Hammer and Nails

A simple lesson in anger management

Devil or angel, I can't make up my mind." The words to that sappy old love song have often reminded me of my son's childhood. Now that I'm a great-grandmother, I look back on his younger years and wonder how we ever would have survived without God's extra patience poured out on us.

Perhaps you've got a child who seems to be out of control, one who shifts between savage and sweetheart by the hour. If so, I'd like to encourage you with a story about my once-wild child, Michael.

In elementary school, Michael often talked back, sassed his teachers, and came home bloodied from fistfights more times than I care to recall. By age 12, Michael was a handful, making me love him and want to strangle him in equal proportions.

Then one morning, my husband, fed up with Michael's behavior, gave him a bag of nails and told him that every time he lost his cool, he'd need to go outside and hammer a nail into the back fence that protected my flower garden from our cows. Michael laughed, but promised he would. I had my doubts.

Before going to bed that night, I moseyed outside and counted nine nails in one of the rails. I couldn't believe it. Every day for the rest of the week, I walked outside to the fence and counted nails, finding fewer and fewer each time. Apparently, Michael was finding it easier to hold his temper than to hammer nails.

Finally the night came when I didn't find any new nails. I shared the news with my husband and he simply smiled. The following morning, Michael's dad told him that for every day he was able to control his temper, he could pull a nail out of the fence.

Again, I wandered outside to the fence and counted nails each night. Sometimes there were more, sometimes there were less. A month later, all the nails had been pulled out of the fence.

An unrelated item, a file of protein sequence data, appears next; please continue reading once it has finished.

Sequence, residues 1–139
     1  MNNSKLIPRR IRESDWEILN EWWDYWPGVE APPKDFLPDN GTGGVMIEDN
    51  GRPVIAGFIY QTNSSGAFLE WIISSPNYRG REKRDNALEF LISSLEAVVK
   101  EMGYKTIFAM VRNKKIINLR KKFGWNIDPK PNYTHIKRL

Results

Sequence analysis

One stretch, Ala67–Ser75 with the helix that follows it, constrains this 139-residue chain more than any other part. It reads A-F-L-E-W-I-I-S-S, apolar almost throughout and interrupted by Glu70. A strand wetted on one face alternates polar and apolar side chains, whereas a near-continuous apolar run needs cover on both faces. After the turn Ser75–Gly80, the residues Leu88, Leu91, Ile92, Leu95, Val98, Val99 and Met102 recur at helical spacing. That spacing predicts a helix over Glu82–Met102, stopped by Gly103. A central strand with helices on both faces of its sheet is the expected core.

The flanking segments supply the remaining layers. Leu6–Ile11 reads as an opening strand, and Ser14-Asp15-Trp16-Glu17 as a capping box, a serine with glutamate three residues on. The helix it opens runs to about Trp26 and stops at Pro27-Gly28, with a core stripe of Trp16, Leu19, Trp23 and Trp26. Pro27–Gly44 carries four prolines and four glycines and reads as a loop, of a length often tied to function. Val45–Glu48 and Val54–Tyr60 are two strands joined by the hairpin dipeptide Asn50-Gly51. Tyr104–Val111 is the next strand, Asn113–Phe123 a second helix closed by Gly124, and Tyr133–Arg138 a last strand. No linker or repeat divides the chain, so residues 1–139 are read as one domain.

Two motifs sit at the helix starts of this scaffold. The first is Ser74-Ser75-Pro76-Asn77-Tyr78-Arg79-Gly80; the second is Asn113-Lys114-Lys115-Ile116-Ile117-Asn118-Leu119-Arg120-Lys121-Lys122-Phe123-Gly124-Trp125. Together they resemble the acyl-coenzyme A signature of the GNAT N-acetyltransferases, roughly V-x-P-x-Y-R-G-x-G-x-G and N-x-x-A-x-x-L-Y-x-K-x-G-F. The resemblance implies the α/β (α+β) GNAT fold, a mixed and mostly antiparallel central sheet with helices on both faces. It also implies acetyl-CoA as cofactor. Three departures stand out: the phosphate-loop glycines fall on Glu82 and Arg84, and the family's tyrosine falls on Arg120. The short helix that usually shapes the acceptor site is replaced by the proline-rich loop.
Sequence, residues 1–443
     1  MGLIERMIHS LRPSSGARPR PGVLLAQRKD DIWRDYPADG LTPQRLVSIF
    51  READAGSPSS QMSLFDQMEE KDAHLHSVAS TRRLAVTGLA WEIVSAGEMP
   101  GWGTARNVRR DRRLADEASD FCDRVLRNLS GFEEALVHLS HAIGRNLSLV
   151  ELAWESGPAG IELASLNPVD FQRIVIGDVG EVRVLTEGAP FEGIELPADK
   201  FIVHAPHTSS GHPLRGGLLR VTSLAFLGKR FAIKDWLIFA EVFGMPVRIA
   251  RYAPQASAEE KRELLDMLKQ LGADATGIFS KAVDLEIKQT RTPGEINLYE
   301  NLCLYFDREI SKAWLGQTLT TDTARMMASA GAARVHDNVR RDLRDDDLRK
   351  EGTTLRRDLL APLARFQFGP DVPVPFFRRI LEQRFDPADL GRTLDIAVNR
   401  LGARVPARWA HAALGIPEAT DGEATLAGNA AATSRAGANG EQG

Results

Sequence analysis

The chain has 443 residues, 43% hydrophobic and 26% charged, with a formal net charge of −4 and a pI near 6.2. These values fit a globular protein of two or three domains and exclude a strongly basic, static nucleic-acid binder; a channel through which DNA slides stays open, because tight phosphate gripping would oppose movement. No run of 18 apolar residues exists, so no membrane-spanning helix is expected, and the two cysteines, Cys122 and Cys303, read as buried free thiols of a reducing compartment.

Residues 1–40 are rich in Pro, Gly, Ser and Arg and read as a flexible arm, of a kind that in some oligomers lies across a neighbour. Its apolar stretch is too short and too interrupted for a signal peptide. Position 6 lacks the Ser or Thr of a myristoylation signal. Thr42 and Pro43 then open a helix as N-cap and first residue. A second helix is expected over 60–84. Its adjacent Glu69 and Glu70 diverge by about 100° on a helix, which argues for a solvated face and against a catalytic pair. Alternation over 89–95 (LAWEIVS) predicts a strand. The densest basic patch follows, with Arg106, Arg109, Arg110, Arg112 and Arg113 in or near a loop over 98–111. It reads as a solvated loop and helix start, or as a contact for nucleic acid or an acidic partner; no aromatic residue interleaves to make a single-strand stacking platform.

A few days later, the three of us walked out to the fence. Michael's dad looked at me and grinned, then scowled at Michael. "Just look at that fence," he said. "It's full of holes." Michael stepped back, confused. "That's what you're doing to yourself," his dad went on. "That fence will never be the same—and neither will you."

"But Dad …" Michael started.

"No buts, Michael. When you lose your cool, people might be willing to forgive, but they'll never forget. Angry outbursts leave scars, Michael, just like the scars in that fence." Michael mumbled something, but I didn't catch it.

His dad just walked off, heading for the barn. Michael sniffed, wiped at his nose, then reached out and took my hand. Hand in hand, Michael and I strolled quietly back to the house.

While I'm not sure the fence led to the changes in Michael, I am sure that from then on Michael did change. He never again sassed me, and while he did come home bloodied from a few more fistfights, I never again had to go to the schoolhouse because he had sassed his teachers.

Today, Michael is married with two grown sons of his own. He's a lawyer and lives in Washington, D.C., but whenever he comes home for a visit, we always walk out to the fence around my garden. It's a new fence, of course—except for one faded rail that's full of holes.

Janett L. Grady is a writer and grandmother living in Alaska.


Read more articles that highlight writing by Christian women at ChristianityToday.com/Women

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